William Rhodes-Moorhouse, the first airman to receive a Victoria Cross, served as a pilot in the early months of the First World War.
Although Moorhouse (he did not become Rhodes-Moorhouse until January 1913, in compliance with a clause in his grandfather’s will) was born and educated in England, his mother was of New Zealand birth and his maternal grandmother a member of Ngāti Ruanui.
Born to Mary Ann ('May') Rhodes (once New Zealand’s richest woman) and Edward Moorhouse, William left Cambridge University without a degree in order to pursue his passion for speed and mechanics. He was interested in the fledgling field of aviation, taking private flying lessons from 1909. In 1912 he became the first pilot to fly across the English Channel with two passengers.
When war broke out in August 1914 Rhodes-Moorhouse immediately joined the Royal Flying Corps as a second lieutenant and was posted to the Aircraft Park at Farnborough. In March 1915 he obtained a posting with the No. 2 Squadron, based at Merville, northern France, where he flew a reconnaissance and light bomber aircraft, the BE.2.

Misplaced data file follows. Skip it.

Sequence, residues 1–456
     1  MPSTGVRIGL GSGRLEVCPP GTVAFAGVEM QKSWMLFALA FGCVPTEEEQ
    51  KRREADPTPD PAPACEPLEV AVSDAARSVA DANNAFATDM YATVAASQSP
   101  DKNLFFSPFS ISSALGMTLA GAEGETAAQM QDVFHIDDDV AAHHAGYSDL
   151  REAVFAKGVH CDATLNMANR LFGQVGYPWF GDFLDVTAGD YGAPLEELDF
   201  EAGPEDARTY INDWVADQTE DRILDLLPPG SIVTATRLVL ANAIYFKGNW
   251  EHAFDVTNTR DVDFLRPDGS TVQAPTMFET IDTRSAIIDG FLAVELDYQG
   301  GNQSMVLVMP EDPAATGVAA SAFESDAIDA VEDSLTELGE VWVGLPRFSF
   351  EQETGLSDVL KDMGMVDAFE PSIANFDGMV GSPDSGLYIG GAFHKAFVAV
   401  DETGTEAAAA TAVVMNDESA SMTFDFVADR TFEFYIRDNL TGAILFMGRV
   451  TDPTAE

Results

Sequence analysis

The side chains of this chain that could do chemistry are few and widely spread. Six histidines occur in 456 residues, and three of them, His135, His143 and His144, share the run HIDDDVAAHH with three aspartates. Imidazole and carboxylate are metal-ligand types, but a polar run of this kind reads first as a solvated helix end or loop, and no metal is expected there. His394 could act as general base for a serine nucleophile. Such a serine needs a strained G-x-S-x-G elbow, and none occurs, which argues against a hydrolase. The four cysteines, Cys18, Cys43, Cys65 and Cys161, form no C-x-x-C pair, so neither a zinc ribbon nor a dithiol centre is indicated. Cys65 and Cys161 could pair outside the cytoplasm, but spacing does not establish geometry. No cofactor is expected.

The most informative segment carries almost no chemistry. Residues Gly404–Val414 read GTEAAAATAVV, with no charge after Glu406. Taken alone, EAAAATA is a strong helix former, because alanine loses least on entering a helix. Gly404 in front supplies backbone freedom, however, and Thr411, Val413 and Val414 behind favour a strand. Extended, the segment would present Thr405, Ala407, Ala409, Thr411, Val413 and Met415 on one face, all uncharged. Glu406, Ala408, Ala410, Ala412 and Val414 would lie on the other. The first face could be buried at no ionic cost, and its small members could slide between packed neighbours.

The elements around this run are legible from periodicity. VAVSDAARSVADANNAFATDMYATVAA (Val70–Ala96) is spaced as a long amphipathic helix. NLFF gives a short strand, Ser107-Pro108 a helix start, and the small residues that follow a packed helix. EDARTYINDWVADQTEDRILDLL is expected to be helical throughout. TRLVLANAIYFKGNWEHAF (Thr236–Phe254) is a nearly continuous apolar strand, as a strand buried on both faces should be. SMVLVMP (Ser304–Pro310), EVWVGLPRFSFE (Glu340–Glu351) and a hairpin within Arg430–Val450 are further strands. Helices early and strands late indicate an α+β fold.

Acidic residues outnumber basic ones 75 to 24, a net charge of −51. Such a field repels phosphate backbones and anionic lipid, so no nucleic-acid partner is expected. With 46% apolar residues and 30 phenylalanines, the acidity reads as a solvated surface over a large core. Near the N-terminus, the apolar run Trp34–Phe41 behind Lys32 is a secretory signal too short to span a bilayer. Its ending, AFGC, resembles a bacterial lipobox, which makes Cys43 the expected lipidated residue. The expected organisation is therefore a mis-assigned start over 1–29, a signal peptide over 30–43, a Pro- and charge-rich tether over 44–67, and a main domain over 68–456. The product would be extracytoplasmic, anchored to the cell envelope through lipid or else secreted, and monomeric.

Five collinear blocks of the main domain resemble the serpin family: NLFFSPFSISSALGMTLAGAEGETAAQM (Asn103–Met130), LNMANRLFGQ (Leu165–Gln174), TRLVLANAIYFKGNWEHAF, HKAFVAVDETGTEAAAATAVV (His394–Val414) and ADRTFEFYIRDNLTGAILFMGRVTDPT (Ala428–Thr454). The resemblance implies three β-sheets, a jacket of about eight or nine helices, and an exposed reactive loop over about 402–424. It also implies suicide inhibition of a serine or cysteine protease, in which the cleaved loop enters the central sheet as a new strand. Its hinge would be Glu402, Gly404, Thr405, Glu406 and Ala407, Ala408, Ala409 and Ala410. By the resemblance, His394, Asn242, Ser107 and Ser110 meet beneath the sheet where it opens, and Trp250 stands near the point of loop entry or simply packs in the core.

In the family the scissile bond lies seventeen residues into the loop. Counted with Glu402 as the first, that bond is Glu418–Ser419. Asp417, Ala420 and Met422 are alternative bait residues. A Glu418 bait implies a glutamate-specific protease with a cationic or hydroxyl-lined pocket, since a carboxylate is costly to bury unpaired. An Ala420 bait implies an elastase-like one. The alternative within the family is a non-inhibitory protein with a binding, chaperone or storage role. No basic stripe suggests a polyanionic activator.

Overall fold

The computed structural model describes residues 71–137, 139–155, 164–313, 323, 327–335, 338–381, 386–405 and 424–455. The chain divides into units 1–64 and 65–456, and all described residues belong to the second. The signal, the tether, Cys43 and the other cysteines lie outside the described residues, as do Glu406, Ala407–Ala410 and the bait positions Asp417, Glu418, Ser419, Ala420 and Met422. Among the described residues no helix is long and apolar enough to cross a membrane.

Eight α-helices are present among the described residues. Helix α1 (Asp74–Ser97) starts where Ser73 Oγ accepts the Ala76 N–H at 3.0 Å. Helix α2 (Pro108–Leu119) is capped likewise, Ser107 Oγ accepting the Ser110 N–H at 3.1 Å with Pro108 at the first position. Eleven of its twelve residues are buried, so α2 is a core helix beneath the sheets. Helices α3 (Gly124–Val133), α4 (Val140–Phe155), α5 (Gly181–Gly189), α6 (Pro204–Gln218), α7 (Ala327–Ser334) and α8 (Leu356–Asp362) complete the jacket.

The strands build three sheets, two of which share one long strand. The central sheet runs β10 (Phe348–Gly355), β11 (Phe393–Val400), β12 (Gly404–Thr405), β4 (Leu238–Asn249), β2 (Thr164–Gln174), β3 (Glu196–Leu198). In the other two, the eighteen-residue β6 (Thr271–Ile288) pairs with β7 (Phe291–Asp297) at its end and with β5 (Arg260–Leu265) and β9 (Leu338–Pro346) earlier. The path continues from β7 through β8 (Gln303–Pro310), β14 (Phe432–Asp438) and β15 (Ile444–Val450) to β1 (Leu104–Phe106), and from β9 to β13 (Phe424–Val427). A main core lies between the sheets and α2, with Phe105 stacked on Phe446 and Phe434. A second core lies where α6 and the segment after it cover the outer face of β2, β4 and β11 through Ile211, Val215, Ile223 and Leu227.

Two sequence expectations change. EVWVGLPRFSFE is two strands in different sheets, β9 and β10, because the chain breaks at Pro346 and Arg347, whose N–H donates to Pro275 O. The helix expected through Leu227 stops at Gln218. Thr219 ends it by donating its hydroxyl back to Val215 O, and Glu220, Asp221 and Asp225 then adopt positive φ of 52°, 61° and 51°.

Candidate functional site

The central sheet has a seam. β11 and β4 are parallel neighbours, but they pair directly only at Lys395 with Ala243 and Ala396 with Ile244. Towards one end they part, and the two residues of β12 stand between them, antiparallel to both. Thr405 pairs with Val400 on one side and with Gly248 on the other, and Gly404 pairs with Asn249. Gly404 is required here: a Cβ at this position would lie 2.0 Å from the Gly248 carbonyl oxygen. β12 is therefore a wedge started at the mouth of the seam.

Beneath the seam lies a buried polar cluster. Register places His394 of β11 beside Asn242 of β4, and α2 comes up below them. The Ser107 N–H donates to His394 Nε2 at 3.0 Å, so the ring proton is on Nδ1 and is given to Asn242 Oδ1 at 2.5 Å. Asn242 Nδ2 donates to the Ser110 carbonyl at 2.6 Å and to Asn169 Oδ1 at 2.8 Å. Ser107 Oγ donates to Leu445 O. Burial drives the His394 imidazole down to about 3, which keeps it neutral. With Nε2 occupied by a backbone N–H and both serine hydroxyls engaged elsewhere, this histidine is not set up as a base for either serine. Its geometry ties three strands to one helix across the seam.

On 26 April 1915 Rhodes-Moorhouse set off on a solo bombing mission carrying a single 100-pound bomb. His target was a rail junction in the Belgian town of Courtrai (Kortrijk) through which German reinforcements were being sent to the front line. Rhodes-Moorhouse flew in low to make sure the bomb hit its target – so low that his machine was damaged by the force of the explosion. His reduced altitude also made him an easy target for infantrymen on the ground and a machine gun placed in a church tower. Gravely injured, Rhodes-Moorhouse managed to fly back to his base and refused all medical attention until he had filed his report. The following day he died from his injuries, leaving behind a wife and an infant son. For his daring raid Rhodes-Moorhouse was posthumously awarded a Victoria Cross, becoming the first airman, and the first Māori or part-Māori, to be given the British Empire’s highest military decoration.
By Matthew Tonks